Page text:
Panama Disease: An Old Nemesis Rears its Ugly Head - Part 2. The Cavendish Era and Beyond

The production of hybrids is similar in the various banana breeding programs. The following pictures were taken at either the Fundación Hondureña de Investigación Agrícola (FHIA) in Honduras, or the International Institute of Tropical Agriculture (IITA) in Nigeria (the latter program has since relocated to Cameroon). Fig. 18. Female flowers are hand pollinated. Fig. 19. Mature, hybridized fruit are then ripened to facilitate seed extraction.Fig. 20. Fruit pulp is expressed with a mechanical press, Fig. 21, the black seed are removed and, Fig. 22 (shown here), cleaned. To optimize the recovery of hybrids, embryo rescue is performed on the recovered seeds. Cleaned seeds are surface disinfested, their seed coats removed, and, Fig. 23, the embryos placed on a synthetic medium. Germinated embyros, Fig. 24, are ultimately transferred to the field for evaluation (photos courtesy of R. C. Ploetz).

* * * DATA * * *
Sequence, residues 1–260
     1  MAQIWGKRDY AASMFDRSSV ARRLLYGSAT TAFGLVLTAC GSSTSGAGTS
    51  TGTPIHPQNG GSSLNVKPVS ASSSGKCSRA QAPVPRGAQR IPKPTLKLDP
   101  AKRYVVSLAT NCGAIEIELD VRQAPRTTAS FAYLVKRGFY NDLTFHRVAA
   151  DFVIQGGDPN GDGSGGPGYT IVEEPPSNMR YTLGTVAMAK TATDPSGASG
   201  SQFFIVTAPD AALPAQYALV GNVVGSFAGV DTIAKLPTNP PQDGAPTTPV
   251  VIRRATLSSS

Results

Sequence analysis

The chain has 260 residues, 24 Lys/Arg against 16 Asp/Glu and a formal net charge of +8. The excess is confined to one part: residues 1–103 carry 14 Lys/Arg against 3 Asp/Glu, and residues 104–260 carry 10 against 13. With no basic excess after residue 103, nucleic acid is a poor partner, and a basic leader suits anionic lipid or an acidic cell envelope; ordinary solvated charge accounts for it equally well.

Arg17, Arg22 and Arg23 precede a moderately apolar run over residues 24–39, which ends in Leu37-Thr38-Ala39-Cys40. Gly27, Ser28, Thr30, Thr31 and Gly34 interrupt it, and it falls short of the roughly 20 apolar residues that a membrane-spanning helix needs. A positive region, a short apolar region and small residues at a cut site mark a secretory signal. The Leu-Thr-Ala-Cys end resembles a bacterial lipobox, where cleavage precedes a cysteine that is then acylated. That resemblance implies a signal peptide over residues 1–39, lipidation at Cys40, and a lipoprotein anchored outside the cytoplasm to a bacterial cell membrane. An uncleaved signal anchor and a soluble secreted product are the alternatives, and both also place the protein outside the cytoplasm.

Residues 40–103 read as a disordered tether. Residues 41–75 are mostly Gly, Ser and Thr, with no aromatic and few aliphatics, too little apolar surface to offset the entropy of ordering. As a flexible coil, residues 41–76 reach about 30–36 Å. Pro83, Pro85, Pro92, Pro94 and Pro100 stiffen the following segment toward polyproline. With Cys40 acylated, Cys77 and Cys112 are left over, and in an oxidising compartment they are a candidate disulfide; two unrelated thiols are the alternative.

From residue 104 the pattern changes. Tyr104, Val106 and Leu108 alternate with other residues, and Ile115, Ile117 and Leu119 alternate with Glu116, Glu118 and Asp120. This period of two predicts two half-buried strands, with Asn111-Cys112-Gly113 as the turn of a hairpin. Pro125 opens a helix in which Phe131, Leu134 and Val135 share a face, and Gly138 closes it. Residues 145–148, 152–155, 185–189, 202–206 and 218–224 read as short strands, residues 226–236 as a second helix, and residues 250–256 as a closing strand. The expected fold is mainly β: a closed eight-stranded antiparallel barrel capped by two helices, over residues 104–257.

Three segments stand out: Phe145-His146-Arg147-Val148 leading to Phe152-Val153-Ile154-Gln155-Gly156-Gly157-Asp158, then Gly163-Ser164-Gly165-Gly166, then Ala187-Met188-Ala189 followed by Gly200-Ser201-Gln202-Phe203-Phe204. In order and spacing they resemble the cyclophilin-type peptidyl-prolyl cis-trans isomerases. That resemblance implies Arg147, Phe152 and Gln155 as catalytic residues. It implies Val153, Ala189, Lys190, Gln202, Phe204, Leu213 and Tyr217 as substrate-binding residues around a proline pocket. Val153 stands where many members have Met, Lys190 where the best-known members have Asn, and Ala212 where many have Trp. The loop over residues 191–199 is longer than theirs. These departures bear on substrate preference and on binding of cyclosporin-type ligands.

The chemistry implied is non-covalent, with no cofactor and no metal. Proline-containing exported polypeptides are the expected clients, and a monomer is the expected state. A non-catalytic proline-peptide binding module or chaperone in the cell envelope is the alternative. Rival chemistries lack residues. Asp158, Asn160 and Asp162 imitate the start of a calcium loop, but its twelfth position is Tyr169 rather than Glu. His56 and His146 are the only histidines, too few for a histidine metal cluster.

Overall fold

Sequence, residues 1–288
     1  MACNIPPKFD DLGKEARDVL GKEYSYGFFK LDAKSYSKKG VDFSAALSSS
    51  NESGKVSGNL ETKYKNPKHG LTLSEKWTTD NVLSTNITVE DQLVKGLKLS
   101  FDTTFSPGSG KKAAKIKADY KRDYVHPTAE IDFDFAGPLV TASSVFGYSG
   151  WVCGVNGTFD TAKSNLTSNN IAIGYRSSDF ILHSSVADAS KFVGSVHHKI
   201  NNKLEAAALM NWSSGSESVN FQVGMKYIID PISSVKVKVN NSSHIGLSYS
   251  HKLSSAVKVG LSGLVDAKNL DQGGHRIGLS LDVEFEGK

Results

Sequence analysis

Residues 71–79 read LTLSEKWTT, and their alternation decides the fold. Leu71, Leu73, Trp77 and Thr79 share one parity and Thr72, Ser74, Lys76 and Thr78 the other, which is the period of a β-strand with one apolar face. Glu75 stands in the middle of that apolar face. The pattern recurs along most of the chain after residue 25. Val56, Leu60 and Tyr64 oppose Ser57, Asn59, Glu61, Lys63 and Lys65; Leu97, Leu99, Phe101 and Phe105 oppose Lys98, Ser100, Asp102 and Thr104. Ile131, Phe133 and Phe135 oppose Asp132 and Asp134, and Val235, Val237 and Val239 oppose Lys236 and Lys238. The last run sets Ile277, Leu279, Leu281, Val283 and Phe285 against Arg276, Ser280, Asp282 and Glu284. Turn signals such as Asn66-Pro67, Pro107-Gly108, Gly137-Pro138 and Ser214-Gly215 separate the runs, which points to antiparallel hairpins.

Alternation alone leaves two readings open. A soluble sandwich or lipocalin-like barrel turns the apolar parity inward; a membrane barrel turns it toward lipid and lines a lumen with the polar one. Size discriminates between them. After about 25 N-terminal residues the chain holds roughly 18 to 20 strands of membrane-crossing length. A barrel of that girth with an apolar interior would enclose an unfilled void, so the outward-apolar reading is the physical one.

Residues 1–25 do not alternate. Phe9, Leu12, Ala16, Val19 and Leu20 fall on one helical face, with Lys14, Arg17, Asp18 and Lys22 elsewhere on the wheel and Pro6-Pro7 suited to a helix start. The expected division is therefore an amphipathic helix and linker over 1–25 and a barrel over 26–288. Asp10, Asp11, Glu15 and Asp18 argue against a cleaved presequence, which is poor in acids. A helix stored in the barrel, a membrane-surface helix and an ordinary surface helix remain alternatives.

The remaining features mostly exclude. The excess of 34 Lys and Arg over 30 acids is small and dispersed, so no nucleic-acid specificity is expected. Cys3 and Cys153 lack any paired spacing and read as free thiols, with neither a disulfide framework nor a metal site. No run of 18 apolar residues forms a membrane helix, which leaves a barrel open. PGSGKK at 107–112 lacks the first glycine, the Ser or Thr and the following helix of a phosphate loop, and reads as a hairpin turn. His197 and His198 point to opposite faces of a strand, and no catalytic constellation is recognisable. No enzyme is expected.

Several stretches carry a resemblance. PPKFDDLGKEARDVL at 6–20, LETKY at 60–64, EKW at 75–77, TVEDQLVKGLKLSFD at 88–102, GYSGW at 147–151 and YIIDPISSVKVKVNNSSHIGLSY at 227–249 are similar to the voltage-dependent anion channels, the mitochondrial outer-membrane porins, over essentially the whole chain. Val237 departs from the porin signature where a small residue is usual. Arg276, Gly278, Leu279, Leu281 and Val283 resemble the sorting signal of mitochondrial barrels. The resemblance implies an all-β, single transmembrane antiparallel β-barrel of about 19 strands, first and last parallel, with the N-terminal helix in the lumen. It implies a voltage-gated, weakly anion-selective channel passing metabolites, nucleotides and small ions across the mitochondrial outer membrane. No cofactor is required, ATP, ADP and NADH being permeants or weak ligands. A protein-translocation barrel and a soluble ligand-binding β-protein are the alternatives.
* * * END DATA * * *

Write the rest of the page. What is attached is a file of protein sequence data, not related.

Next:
Image from Plant Health Progress article:
Panama Disease: An Old Nemesis Rears its Ugly Head - Part 2. The Cavendish Era and Beyond